1Now when he equips (Agni, the fire) from this and that quarter, that is the equipping (of the fire) with its equipments. In whatever (objects) some of (the nature of) Agni is inherent, therewith he equips (the fire); and in thus equipping it he supplies it partly with splendour, partly with cattle, partly with a mate.
2In the first place he (the Adhvaryu) draws (three) lines (with the wooden sword on the Gârhapatya fire-place ). Whatever part of this earth is either trodden or spit upon, that he thereby removes from it; and he thus establishes his fire on earth that is entirely proper for the sacrifice: this is why he draws lines (across the fire-place).
3He then sprinkles (the lines) with water. When he thus sprinkles (the fire-place) with water, that is the equipment (of the fire) with water. The reason why he brings water is that water is food; for water is indeed food: hence when water comes to this world, food is produced here. Thus he thereby supplies it (the fire) with food.
4Water (ap, fem.), moreover, is female, and fire (agni, masc.) is male; so that he thereby supplies the latter with a productive mate. And since all this (universe) is pervaded (or obtained, âpta) by water, he sets up the fire, after he has obtained it by means of water . This is why he brings water.
5He then brings (a piece of) gold. Now Agni at one time cast his eyes on the waters : ‘May I pair with them,’ he thought. He came together with them; and his seed became gold . For this reason the latter shines like fire, it being Agni’s seed. Hence it (gold) is found in water, for he (Agni) poured it into the water. Hence also one does not cleanse oneself with it, nor does one do anything else with it. Now there is splendour (for the fire): for he thereby makes it to be possessed of divine seed, bestows splendour on it; and sets up a fire completely endowed with seed. That is why he brings gold.
6He then brings salt. Yonder sky assuredly bestowed that (salt as) cattle on this earth: hence they say that salt soil is suitable for cattle. That (salt), therefore, means cattle; and thus he thereby visibly supplies it (the fire) with cattle; and the latter having come from yonder (sky) is securely established on this earth. Moreover, that (salt) is believed to be the savour (rasa) of those two, the sky and the earth: so that he thereby supplies it (the fire) with the savour of those two, the sky and the earth. That is why he brings salt.
7He then brings (the earth of) a mole-hill (âkhu-karîsha) . The moles certainly know the savour of this earth: hence, by entering deeper and deeper into this earth, they (grow) very fat, knowing, as they do, its savour; and wherever they know the savour of this earth to be, there they cast it up. Hence he thereby supplies it (the fire) with the savour of this earth: that is why he brings a molehill. Moreover, they say of one who has attained prosperity (or splendour, sri) that he is purîshya; and purîsha and karîsha doubtless mean one and the same thing: it is, therefore, for his (Agni’s or the sacrificer’s) attainment of splendour (sri) that he brings a mole-hill.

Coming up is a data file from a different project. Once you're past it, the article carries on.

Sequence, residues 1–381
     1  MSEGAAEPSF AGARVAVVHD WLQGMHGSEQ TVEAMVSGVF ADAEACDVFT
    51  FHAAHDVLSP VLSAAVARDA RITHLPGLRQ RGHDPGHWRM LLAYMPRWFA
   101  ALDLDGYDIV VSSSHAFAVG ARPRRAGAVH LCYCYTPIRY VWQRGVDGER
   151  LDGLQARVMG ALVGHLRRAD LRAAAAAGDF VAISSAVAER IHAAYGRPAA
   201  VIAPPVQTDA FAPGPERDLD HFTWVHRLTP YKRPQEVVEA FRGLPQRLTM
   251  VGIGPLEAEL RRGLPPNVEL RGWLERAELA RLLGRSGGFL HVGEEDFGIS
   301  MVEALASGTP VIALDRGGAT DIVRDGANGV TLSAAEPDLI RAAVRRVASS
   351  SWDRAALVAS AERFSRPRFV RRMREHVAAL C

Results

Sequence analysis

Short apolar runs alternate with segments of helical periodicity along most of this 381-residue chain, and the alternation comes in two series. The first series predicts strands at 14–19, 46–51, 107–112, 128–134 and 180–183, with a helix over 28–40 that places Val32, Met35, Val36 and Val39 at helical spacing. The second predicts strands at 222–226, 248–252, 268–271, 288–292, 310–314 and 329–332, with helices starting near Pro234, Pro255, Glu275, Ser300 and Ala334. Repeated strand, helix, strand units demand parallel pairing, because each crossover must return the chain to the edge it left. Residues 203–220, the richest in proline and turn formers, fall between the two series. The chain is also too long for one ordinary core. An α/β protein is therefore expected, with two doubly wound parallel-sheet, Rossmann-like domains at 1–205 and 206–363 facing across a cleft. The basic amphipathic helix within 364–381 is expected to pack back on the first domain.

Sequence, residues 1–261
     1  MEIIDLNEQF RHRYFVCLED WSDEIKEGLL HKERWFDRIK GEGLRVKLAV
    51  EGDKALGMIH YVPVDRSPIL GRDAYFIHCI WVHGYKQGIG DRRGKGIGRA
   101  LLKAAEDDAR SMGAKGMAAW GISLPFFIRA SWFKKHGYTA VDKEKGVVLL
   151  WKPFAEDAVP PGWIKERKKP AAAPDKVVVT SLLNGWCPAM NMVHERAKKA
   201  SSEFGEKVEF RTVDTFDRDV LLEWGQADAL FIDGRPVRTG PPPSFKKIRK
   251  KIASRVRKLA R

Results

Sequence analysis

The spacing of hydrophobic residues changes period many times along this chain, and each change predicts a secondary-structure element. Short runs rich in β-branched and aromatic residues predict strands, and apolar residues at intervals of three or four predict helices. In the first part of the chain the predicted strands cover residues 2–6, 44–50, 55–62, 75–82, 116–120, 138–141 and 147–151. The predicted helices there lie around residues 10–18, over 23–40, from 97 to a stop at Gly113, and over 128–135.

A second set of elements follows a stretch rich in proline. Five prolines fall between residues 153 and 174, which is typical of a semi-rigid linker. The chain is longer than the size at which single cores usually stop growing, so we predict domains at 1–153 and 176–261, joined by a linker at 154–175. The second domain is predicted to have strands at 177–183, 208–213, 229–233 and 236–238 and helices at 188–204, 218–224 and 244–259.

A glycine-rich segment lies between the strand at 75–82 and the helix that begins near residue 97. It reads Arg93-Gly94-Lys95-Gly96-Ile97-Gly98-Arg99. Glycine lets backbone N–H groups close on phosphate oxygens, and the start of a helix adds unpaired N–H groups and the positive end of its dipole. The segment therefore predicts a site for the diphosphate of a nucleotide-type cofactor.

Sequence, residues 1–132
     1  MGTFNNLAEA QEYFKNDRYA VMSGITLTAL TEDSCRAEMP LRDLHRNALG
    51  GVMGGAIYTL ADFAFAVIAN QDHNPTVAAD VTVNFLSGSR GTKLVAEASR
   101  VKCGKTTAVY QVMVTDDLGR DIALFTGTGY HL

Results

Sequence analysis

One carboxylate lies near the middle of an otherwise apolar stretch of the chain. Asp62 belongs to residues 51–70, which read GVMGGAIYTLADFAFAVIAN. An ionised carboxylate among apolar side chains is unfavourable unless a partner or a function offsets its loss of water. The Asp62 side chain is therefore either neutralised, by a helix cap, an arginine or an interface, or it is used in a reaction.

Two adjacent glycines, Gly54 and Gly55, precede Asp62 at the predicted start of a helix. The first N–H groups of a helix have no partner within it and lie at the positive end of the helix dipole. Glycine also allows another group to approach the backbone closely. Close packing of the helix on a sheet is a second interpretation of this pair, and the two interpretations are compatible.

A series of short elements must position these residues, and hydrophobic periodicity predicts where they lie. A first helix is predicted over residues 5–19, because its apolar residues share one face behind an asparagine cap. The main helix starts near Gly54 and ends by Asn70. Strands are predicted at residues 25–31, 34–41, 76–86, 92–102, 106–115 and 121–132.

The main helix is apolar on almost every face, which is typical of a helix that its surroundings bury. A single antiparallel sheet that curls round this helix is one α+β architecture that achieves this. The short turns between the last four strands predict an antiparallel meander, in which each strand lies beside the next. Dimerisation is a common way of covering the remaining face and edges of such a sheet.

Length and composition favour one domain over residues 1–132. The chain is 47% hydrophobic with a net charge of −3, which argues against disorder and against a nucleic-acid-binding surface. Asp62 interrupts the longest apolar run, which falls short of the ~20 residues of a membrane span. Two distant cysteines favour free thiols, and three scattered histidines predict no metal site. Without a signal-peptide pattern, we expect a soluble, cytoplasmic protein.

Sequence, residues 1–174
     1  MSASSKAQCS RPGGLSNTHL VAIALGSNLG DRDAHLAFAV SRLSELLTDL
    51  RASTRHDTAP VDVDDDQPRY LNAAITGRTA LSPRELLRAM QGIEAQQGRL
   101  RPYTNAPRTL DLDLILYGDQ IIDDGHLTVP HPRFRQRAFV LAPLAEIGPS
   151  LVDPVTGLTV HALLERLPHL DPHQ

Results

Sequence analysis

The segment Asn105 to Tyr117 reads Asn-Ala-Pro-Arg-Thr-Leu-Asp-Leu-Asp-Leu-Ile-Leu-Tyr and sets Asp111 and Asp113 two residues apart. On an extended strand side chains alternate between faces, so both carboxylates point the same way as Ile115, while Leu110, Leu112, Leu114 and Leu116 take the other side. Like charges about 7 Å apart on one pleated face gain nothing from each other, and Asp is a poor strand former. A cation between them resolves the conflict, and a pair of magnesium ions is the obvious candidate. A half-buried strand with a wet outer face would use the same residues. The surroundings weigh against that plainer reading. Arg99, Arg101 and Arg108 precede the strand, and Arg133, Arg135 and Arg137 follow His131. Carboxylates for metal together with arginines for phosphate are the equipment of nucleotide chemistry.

8He then brings pebbles. Now the gods and the Asuras, both of them sprung from Pragâpati, once contended for superiority. This earth was then trembling like a lotus-leaf; for the wind was tossing it hither and thither: now it came near the gods, now it came near the Asuras. When it came near the gods,
9They said, ‘Come, let us steady this resting-place; and when firm and steady, let us set up the two fires on it; whereupon we will exclude our enemies from any share in it.’
10Accordingly, in like manner as one would stretch a skin by means of wooden pins, they fastened down this resting-place; and it formed a firm and steady resting-place. And when it was firm and steady, they set up the two fires on it; and thereupon they excluded their enemies from any share in it .
11And in like manner that one (the Adhvaryu) now fastens down that resting-place by means of pebbles; and on it, when firm and steady, he sets up the two fires; whereupon he excludes the (sacrificer’s) enemies from any share in it. This is the reason why he brings pebbles.
12These then are the five equipments : for fivefold is the sacrifice, fivefold the animal victim; and five seasons there are in the year.
13Now, as to this, they say, ‘Six seasons there are in the year.’ And in that case the very deficiency (nyûna) itself is rendered a productive union , since it is from the lower part (nyûna, i.e. of the body) that offspring is here brought forth. Thus also a progressive improvement (is assured to the sacrificer): for this reason there are five equipments. And when (it is nevertheless insisted on that) there are six seasons in the year, then Agni is the sixth of them, and thus there is no deficiency.
14Here also they say, ‘He should not equip it even with a single equipment!’ For (they argue) all those (objects) are on this earth, and hence, when he establishes the fire on this earth, the latter of itself obtains all those equipments: he need not, therefore, equip it with a single equipment. But let him nevertheless bring (those objects) together; for when he establishes the fire on this (earth), then it obtains all the equipments: and what (benefit) accrues from the equipments being brought together, that also accrues to it . Let him for that reason bring (the objects) together.